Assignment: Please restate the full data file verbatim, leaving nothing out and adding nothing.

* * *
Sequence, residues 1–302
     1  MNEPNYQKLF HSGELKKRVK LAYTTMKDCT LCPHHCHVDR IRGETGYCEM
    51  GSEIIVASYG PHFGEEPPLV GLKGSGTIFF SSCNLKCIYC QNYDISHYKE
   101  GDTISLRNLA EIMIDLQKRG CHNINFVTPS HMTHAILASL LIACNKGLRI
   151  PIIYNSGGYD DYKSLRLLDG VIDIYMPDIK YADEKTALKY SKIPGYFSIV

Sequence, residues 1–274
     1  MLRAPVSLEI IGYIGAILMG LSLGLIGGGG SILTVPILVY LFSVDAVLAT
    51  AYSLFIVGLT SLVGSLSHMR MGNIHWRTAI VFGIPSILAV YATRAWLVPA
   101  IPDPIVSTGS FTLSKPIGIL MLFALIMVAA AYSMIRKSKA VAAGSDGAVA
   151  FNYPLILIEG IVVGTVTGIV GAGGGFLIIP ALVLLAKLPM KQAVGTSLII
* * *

Sequence, residues 1–302
     1  MNEPNYQKLF HSGELKKRVK LAYTTMKDCT LCPHHCHVDR IRGETGYCEM
    51  GSEIIVASYG PHFGEEPPLV GLKGSGTIFF SSCNLKCIYC QNYDISHYKE
   101  GDTISLRNLA EIMIDLQKRG CHNINFVTPS HMTHAILASL LIACNKGLRI
   151  PIIYNSGGYD DYKSLRLLDG VIDIYMPDIK YADEKTALKY SKIPGYFSIV

Sequence, residues 1–274
     1  MLRAPVSLEI IGYIGAILMG LSLGLIGGGG SILTVPILVY LFSVDAVLAT
    51  AYSLFIVGLT SLVGSLSHMR MGNIHWRTAI VFGIPSILAV YATRAWLVPA
   101  IPDPIVSTGS FTLSKPIGIL MLFALIMVAA AYSMIRKSKA VAAGSDGAVA
   151  FNYPLILIEG IVVGTVTGIV GAGGGFLIIP ALVLLAKLPM KQAVGTSLII